What is the business environment for SMEs like today and how can it be improved?

  • Statistics show that fast growing companies have created almost all incremental jobs over the last 3 to 4 decades (Amazon, Microsoft, Fedex, Google, Facebook, …); so nurturing innovation and startups is going to create opportunities and jobs;
  • It’s less about the small businesses that stay small businesses, but about creating the opportunities for small businesses to scale up fast and become big businesses;
  • Overregulation is very bad for SMEs: Governments won’t complicate the lives of big business with hard regulations as much as they do impact SMEs; Big businesses will always work their way around, but regulation will break small business (e.g. high standards are becoming a competitive advantage for big companies)

What’s your view about resources and energy issues?

  • Gas resources in the US are massive, bigger than it is even been talked about at the moment.
  • The two big environmental issues are less the availability of energy resources, but water and emissions; both can be solved, but in these cases stronger regulation for once is probably necessary.
  • Cheap energy is a real long time change maker and major competitive advantage for the US (with 50% energy prices compared to Europe, for example); if you count in Mexico and Canada, the North American Region could become self-sufficient in terms of energy supply and demand very quickly (if this was the right thing to do politically, which is not so sure).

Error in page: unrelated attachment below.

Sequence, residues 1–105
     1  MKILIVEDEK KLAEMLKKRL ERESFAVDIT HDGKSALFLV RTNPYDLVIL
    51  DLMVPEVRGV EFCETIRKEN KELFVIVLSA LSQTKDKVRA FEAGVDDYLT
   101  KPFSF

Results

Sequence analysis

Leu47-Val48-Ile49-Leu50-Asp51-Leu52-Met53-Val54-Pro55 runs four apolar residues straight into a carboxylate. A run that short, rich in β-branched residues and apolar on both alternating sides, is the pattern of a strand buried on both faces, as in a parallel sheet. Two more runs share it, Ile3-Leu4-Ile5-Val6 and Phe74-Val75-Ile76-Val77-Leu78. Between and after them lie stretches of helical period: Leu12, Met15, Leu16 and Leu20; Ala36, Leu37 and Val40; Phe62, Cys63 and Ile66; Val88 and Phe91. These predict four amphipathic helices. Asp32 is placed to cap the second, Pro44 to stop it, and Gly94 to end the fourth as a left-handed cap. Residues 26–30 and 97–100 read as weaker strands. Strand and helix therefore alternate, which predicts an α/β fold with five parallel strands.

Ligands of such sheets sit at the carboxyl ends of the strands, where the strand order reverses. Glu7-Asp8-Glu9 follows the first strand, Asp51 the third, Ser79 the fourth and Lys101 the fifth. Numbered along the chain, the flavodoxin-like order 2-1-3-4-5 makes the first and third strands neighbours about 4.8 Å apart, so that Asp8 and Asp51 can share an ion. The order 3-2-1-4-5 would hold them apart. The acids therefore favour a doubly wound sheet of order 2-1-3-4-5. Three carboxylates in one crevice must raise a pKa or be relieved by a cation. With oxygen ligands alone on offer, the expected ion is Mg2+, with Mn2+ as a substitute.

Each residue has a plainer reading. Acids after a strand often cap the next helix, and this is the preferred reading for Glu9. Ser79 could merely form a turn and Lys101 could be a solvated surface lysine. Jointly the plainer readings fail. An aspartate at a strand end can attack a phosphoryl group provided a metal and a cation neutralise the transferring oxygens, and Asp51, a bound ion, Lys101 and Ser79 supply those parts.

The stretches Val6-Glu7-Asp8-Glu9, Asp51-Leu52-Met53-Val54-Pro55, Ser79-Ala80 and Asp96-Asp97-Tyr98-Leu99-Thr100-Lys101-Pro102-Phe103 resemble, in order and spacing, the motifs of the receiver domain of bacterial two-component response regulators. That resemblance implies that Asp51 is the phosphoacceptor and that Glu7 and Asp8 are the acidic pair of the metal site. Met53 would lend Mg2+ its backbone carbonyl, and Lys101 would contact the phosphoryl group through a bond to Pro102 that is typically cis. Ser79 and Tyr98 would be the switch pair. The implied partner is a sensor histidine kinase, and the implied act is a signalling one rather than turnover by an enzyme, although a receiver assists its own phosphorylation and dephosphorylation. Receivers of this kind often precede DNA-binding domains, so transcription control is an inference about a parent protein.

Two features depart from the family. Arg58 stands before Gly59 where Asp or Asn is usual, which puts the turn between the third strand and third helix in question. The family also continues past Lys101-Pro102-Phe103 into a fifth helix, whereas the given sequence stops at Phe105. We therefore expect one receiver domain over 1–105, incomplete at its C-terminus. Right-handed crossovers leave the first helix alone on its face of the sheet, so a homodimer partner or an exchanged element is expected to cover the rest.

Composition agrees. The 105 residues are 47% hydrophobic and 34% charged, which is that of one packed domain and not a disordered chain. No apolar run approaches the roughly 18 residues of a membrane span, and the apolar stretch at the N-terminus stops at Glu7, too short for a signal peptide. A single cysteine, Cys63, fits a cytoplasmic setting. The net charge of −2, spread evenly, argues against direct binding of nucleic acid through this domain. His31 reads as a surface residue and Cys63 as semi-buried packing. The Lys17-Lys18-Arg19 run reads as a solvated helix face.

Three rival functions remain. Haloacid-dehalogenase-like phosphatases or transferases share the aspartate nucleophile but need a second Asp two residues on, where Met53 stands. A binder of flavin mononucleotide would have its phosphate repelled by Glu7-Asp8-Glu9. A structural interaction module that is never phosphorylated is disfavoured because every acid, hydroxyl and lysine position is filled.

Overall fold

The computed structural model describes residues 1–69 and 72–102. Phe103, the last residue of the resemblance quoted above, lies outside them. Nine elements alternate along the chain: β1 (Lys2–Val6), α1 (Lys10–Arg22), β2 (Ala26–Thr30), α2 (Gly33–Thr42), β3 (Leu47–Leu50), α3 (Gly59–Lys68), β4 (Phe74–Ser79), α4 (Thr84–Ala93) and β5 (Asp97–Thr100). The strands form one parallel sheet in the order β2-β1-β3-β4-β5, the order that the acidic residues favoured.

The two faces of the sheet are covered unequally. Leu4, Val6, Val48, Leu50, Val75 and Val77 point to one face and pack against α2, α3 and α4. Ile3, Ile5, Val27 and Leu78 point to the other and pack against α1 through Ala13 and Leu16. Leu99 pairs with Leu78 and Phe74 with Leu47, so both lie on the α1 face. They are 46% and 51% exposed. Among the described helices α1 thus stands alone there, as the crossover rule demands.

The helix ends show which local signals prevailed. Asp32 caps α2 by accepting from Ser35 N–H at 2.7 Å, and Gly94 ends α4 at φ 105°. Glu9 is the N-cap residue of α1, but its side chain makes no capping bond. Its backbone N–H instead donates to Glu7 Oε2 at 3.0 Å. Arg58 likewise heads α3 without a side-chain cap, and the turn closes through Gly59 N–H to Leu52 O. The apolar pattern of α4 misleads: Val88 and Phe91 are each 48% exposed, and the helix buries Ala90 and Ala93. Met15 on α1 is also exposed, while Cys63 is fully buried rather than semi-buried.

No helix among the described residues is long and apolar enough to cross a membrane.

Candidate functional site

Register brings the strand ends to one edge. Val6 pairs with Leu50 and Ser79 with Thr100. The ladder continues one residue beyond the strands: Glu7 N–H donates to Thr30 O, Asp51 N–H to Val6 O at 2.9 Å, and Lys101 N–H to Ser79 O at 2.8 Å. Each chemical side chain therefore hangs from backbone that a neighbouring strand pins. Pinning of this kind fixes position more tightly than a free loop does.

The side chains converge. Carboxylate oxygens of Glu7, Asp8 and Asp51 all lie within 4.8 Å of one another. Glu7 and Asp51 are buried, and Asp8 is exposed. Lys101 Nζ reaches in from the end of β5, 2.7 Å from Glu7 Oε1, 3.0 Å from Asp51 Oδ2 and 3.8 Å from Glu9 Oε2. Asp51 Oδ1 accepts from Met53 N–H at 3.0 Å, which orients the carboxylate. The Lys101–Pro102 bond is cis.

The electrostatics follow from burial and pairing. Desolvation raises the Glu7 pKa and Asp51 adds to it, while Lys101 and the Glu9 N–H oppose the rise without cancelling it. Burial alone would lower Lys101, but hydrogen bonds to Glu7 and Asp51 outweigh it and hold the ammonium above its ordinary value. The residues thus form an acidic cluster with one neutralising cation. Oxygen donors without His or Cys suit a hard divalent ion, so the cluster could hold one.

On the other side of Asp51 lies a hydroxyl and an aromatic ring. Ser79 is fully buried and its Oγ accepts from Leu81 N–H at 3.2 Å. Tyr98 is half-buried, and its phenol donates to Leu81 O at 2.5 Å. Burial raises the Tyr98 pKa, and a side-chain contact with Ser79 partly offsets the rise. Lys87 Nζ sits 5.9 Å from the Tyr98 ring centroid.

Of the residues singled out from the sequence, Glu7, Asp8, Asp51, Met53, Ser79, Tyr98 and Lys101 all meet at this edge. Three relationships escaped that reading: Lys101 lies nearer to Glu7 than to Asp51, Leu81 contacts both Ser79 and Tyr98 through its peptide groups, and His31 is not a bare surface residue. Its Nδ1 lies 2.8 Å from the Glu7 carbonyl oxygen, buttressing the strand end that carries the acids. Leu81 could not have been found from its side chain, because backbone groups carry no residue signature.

How difficult was it to succeed the famous Jack Welsh?

  • It’s always hard to succeed someone, but it’s probably easier to take over from a successful executive than from someone who has left the company in ruins.
  • The times have changed a lot, and you cannot compare the different periods, but in general the strengths of big companies like GE are institutional, not about any one individual.

What would be 2 or 3 pieces of advice for young professionals?

  • Understand globalization, and in some ways that means Go East!
  • In former times, management was divided into the “general” and the “specific”, but the world today has changed, it has become much more complex, intertwined and volatile, and so executives have to be able to go deep and broad (T-shaped people).
  • You have to understand the notion of speed (“big companies never die because of lack of money, they die because of boredom and self-sufficiency”); so you can learn a lot from the spirit and speed of startups for big companies:
    • Start-ups only work on what’s really important, they go to the essence of business;
    • If big companies woke up every day and looked at their companies to sort out the essential from the superflux, you could massively improve the competitiveness of your business.
    • The lean startup approach has become a Manifesto for the way GE works on projects nowadays (“fast works”); every process needs to lead to speed!
  • GE follows 2 major approaches or methods:
    • Lean six sigma is one of them, but only on 30 key processes throughout the company;
    • The second process is “fast work”s, which GE learned from Eric Ries, the author of Lean startup (getting to market and doing everything in the company faster); for example, GE does every IT implementation in 90 days; this implies that sometimes you do less, you test the limited version, get better at test & learn and carry out a follow-up project, which again does not take longer than 90 days!